MR. SNOW: This is one where I don't want to climb into their heads. All I'm going to say -- because notice yesterday, the Director of the FBI never once used "terrorist surveillance program." It was used in questions to him, and he always said "National Security Agency" --
Q He said --
MR. SNOW: No, no, he said "National Security Agency program."
Q He was asked directly by Congresswoman Lee --
Q -- had it been widely discussed, yes.
Q -- "Do you have an understanding that the discussion was on TSP?" "I had an understanding the discussion was on an NSA program, yes."
MR. SNOW: Okay.
Q "We use TSP, we use warrantless wiretapping, so would I be comfortable in saying that those were the items that were part of the discussion?" "The discussion was on a national NSA program that has been much discussed, yes."
MR. SNOW: As I said, he was very careful about his words, and I am not going to try to read his minds on this. But again, we have been using a very clear and specific definition of TSP. And I just think -- I can't go any further than that.
Q Okay, but in terms of the American people trying to understand what's going on here, it seems as though the answer that's coming from the podium is, we had differing definitions of the terrorist surveillance program.
MR. SNOW: Well, let me put it this way: There is no question that the legal basis and the activity of providing surveillance of al Qaeda members -- overseas or al Qaeda affiliates tied to people in the United States or communicating with them -- having the federal government go after them, that was not a matter of controversy for the Director of the FBI.
Q But it was how you were going about it --
Q But that's --
Q -- without a warrant.
Q Is the administration giving any consideration to declassifying any of this material to try to clear up this controversy and clear Gonzales's name?
MR. SNOW: Not if it involves compromising national security.
Q But are you considering declassifying --
MR. SNOW: I'm not going to get into conversations that we may or may not be having. We understand how frustrating it is, but again, what we're talking about -- this is what happens when one turns into a political football highly classified programs, knowing that you have free rein to say whatever you want, knowing that the other side can't respond. Cannot respond without violating the law.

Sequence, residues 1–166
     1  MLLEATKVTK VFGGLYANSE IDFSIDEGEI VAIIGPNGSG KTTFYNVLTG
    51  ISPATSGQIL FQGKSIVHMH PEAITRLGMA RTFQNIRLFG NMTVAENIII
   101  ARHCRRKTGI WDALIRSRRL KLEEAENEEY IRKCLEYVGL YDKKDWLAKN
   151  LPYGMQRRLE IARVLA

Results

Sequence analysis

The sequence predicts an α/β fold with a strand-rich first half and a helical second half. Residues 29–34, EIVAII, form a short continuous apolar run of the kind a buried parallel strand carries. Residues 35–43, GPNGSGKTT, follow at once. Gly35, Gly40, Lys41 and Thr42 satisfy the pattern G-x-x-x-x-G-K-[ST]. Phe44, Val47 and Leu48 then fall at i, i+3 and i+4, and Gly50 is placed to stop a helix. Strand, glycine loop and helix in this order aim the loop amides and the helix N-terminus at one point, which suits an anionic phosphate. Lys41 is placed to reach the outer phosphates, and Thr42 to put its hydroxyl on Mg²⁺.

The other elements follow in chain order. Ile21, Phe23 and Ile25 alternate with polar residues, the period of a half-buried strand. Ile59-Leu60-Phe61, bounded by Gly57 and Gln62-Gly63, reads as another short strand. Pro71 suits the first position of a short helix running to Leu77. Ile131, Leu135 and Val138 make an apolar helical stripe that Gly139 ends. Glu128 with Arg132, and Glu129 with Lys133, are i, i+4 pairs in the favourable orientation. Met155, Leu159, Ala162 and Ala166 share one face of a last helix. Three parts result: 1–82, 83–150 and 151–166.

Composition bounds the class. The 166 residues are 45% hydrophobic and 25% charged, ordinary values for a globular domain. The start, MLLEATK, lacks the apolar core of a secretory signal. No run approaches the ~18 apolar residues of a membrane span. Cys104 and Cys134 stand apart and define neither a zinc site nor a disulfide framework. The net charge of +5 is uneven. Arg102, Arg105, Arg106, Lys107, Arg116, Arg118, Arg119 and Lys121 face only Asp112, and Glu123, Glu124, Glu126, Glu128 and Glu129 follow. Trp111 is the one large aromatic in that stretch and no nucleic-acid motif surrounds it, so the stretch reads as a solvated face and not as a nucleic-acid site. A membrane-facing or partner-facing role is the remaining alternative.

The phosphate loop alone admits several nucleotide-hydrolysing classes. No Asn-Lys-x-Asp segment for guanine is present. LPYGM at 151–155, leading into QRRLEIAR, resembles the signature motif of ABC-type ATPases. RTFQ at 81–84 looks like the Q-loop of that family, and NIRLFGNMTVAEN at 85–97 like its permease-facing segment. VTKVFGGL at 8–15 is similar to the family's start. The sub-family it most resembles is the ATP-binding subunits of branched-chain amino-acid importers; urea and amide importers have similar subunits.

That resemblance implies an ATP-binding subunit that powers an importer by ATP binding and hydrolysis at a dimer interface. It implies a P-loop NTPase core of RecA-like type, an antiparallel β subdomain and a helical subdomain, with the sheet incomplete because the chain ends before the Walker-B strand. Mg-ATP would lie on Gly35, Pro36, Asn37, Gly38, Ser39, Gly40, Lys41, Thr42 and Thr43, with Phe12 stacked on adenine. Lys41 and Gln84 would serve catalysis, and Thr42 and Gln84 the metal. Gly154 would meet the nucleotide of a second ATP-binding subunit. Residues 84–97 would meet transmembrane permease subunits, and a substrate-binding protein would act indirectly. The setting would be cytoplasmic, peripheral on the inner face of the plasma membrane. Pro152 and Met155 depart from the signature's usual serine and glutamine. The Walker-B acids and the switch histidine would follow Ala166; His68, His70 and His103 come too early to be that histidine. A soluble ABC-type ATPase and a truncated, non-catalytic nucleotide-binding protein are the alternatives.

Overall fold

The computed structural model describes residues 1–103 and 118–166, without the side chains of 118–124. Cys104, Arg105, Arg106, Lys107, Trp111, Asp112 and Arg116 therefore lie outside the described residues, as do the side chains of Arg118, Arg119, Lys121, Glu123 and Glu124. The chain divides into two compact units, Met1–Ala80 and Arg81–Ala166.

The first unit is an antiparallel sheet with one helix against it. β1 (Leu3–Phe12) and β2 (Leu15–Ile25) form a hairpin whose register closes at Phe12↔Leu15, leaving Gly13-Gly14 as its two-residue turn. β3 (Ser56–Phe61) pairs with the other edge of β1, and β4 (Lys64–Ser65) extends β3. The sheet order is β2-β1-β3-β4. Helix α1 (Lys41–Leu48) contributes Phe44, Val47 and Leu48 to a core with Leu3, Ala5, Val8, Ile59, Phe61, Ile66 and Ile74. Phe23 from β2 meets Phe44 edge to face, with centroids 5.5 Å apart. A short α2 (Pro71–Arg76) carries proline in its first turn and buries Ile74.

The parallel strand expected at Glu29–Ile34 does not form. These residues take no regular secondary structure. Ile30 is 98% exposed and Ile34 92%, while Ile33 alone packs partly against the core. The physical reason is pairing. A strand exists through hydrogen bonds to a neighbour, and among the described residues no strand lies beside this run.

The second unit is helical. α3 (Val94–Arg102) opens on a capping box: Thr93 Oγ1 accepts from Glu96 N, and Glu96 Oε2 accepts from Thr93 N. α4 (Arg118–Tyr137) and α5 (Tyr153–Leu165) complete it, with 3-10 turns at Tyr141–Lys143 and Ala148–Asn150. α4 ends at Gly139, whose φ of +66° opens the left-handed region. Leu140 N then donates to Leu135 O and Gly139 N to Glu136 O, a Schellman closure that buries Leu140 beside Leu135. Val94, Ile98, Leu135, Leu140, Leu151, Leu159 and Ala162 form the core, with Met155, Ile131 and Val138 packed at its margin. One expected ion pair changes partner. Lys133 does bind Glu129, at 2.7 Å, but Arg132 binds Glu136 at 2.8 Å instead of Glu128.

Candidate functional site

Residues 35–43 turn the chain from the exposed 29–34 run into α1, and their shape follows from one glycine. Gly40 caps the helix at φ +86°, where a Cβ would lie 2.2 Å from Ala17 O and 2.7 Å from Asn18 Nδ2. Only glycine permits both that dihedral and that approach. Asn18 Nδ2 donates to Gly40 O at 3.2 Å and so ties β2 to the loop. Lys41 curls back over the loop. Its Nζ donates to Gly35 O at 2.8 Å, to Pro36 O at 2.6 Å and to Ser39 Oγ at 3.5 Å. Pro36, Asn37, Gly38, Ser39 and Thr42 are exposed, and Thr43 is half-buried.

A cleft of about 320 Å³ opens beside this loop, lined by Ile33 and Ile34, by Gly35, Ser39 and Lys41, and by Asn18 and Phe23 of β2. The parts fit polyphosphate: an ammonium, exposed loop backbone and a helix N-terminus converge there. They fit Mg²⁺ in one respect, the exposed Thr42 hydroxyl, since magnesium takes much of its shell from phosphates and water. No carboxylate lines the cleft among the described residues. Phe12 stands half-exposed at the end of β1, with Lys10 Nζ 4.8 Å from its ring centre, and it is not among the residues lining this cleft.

Q Are you saying it was not about the wiretapping that had already been acknowledged?
MR. SNOW: I'm saying that that acknowledged program -- the program that the President disclosed to the American people was not something that was legally controversial.
Q Wait a minute, Tony you said one thing --
Q Why are you saying then that nothing --
Q -- was no controversy, and you also said that whatever controversy there was was resolved. Can you say which it is?
MR. SNOW: Because -- what I'm saying is that there was the discussion of a controversy; the controversy did not hinge upon this program that I've discussed --
Q Controversy over what?
MR. SNOW: Okay --
Q Controversy over what?
MR. SNOW: I thought I was pretty clear, but maybe I'm just being too --
Q No, you're not speaking English, really. (Laughter.)
MR. SNOW: Okay, let me try again. The terrorist surveillance program, as it has been labeled -- it was not so labeled at the time -- was a program of doing surveillance on communications of al Qaeda or suspected al Qaeda members internationally -- internationally into the United States. The legal basis of that was accepted by the Department of Justice, and it was not a matter of controversy. To the extent that there were controversies on -- there are many different things that involve the gathering or use of intelligence; some of those may, in fact, themselves have been subjects of controversy, there were controversies about those. It is also the case that whatever controversy had been raised by the then acting Attorney General had been resolved. And that is something that he has said publicly.